Type: Law Bulletins
Date: 05/11/2020

Mutiny in the Counties: Illinois Divided Over Governor's Extended "Stay at Home" Order

Effective May 1, 2020, Illinois Gov. J.B. Pritzker extended the state’s “Stay at Home” Order another 30 days with certain modifications. Among the noteworthy changes, golf courses, greenhouses and animal groomers may reopen under certain safety guidelines; state parks are to begin a phased re-opening under guidance from the Department of Natural Resources; and non-essential retail stores may reopen to fulfill telephone and online orders through outside pick-up or delivery. Likewise, the list of “essential” activities for which people are permitted to leave their residences was expanded to include “engag[ing] in the free exercise of religion,” provided that such exercise complies with social distancing requirements and is limited to 10 people. Finally, individuals over the age of two who are able to medically tolerate it are required to wear a face-covering in all outdoor public places where they cannot maintain six-foot social distancing and all indoor public places, such as stores.

Even with certain restrictions having been lifted or relaxed, a number of Illinois lawmakers, public officials, businesses and residents pushed back against the Governor’s authority to extend the Order. Below is a chronology of the primary legal challenges and acts of public resistance across the state.

  • April 23, 2020 – Bailey v. Pritzker

In the first case of its kind, Illinois State Rep. Darren Bailey (R. Xenia) (Bailey) filed litigation in Clay County Circuit Court seeking a declaration that, under the Illinois Emergency Management Agency Act, Gov. Pritzker lacked the authority to extend his March 20, 2020, Executive Order beyond April 8, 2020 (i.e., 30 days after his initial March 9, 2020 disaster proclamation). On April 27, 2020, Clay County Judge Michael McHaney issued a temporary restraining order enjoining the enforcement of the Governor’s March 20, 2020, Order (and any similar orders) against Bailey only, finding that Bailey had satisfied all of the elements necessary for emergency injunctive relief, including demonstrating a clearly ascertainable right in need of protection, “namely his liberty interest to be free from Pritzker’s executive order of quarantine in his own home,” and imminent “irreparable harm” if Bailey continued to be subject to the restrictions of the Order.

The Illinois Attorney General Kwame Raoul, on behalf of Gov. Pritzker, immediately appealed the entry of the temporary restraining order to the Fifth District Appellate Court and filed an emergency motion for direct appeal with the Illinois Supreme Court.  Although most direct appeals must be made first to the Illinois Appellate Court, the Attorney General asked the Illinois Supreme Court to step in because “public interest requires prompt adjudication” of this dispute under Illinois Supreme Court Rule 302(b). Before the appellate court could rule, however, Bailey agreed to vacate the temporary restraining and the matter was remanded back to the Clay County Circuit Court on May 1, 2020.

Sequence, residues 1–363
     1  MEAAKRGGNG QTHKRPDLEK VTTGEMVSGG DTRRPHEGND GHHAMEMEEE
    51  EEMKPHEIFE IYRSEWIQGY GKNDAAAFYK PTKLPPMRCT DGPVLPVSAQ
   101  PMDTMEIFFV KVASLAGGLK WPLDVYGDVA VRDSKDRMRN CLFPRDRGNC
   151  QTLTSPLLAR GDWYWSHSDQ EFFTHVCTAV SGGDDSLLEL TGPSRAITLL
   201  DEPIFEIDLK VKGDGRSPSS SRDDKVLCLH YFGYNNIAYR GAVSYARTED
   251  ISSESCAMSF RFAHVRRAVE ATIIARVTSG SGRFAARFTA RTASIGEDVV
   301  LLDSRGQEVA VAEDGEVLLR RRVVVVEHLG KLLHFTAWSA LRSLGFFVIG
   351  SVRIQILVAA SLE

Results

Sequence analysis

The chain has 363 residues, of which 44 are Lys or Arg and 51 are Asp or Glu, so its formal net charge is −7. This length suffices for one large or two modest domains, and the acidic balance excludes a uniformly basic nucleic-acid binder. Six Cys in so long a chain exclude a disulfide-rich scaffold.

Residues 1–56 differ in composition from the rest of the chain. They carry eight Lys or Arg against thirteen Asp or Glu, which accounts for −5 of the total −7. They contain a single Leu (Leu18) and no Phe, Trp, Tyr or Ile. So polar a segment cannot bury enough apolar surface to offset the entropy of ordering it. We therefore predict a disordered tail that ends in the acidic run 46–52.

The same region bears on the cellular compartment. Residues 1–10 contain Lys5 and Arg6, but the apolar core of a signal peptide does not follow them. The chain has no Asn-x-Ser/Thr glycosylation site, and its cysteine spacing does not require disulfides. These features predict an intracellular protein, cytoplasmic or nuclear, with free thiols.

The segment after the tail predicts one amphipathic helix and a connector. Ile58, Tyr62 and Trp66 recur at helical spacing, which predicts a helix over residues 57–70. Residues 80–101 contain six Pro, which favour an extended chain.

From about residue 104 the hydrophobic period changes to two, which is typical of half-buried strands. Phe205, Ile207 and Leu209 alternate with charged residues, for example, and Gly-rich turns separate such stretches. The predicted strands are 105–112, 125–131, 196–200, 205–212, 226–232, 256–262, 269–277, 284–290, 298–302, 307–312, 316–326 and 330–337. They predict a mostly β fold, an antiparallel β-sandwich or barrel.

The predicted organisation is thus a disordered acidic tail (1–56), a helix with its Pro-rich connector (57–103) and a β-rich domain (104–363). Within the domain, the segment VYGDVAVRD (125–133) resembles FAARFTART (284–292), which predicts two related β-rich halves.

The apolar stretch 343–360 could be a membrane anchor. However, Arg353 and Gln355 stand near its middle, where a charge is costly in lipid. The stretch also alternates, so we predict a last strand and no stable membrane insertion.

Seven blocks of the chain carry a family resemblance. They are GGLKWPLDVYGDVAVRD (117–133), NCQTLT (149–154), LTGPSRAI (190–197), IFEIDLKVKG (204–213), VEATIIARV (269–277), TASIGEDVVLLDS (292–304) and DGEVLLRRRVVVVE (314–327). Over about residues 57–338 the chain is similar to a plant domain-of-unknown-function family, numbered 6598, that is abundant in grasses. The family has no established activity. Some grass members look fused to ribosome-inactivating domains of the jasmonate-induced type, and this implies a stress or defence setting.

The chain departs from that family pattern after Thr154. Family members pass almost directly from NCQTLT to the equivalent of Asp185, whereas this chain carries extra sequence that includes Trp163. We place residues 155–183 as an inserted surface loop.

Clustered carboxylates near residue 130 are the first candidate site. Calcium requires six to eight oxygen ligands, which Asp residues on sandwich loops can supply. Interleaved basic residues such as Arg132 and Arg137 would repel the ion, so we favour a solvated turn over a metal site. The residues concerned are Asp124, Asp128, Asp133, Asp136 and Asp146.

Bailey indicated his intent to amend his original complaint to include newly discovered information which allegedly strengthens his contention that the Governor overreached, such as Illinois Department of Public Health guidelines which state that if public health officials believe a person is a “danger to the public health,” they may quarantine or isolate that person “to prevent the probable spread of a dangerously contagious or infectious disease,” but only with the resident’s consent or a court order issued within 48 hours. According to Bailey, the Governor violated Illinois citizens’ due process rights when he instituted the “Stay at Home” Order without following these mandated procedures.

Shortly after the appellate court remanded the case back to the circuit court, the Attorney General filed a supplemental emergency motion with the Illinois Supreme Court asking the high court to issue a “supervisory order” under Illinois Supreme Court Rule 383 and to stay the circuit court proceedings until it renders its decision. Notwithstanding the vacating of the temporary restraining order which effectively mooted the instant appeal, the Attorney General argued the underlying question of the Governor’s authority to extend the Order is not moot, and, in any event, the case falls within the “public interest exception” to the mootness doctrine because it is a question “of a public nature,” which requires “an authoritative determination for the future guidance of public officers,” and “there is a likelihood of future recurrence of the question.”

On May 8, 2020, Bailey filed an objection to the Attorney General’s emergency motion, contending that the Illinois Supreme Court’s intervention, even under these circumstances, “horrific and daunting, as they may be,” is not warranted and violates longstanding precedent. The Illinois Supreme Court has yet to rule on the Attorney General’s motion.

  • April 29, 2020 – Cabello v. Pritzker

Following Bailey’s lead, Illinois State Rep. John Cabello (R-Machesney) (Cabello) filed a class action against the Governor in Winnebago County Circuit Court. Similar to Bailey’s lawsuit, Cabello’s 176-page, four count complaint alleges that the Governor exceeded his authority under the Illinois Emergency Management Agency Act. However, Cabello’s complaint casts a wider net than Bailey’s as it is intended to apply to all Illinois residents, not only Cabello. Moreover, it includes claims that the Governor violated Illinoisans’ substantive and procedural due process rights because he required them to “quarantine” and “isolate” without adhering to the procedures required by the Illinois Department of Public Health and its enabling statute. Although Cabello did not seek an emergency temporary restraining order, he does ask the court at the conclusion of the case to enter a permanent injunction enjoining the Governor from further enforcing his March 20, 2020 Order or issuing any other order that restricts the freedom of Illinois citizens to leave their homes or engage in activities in the state. Cabello’s case remains pending.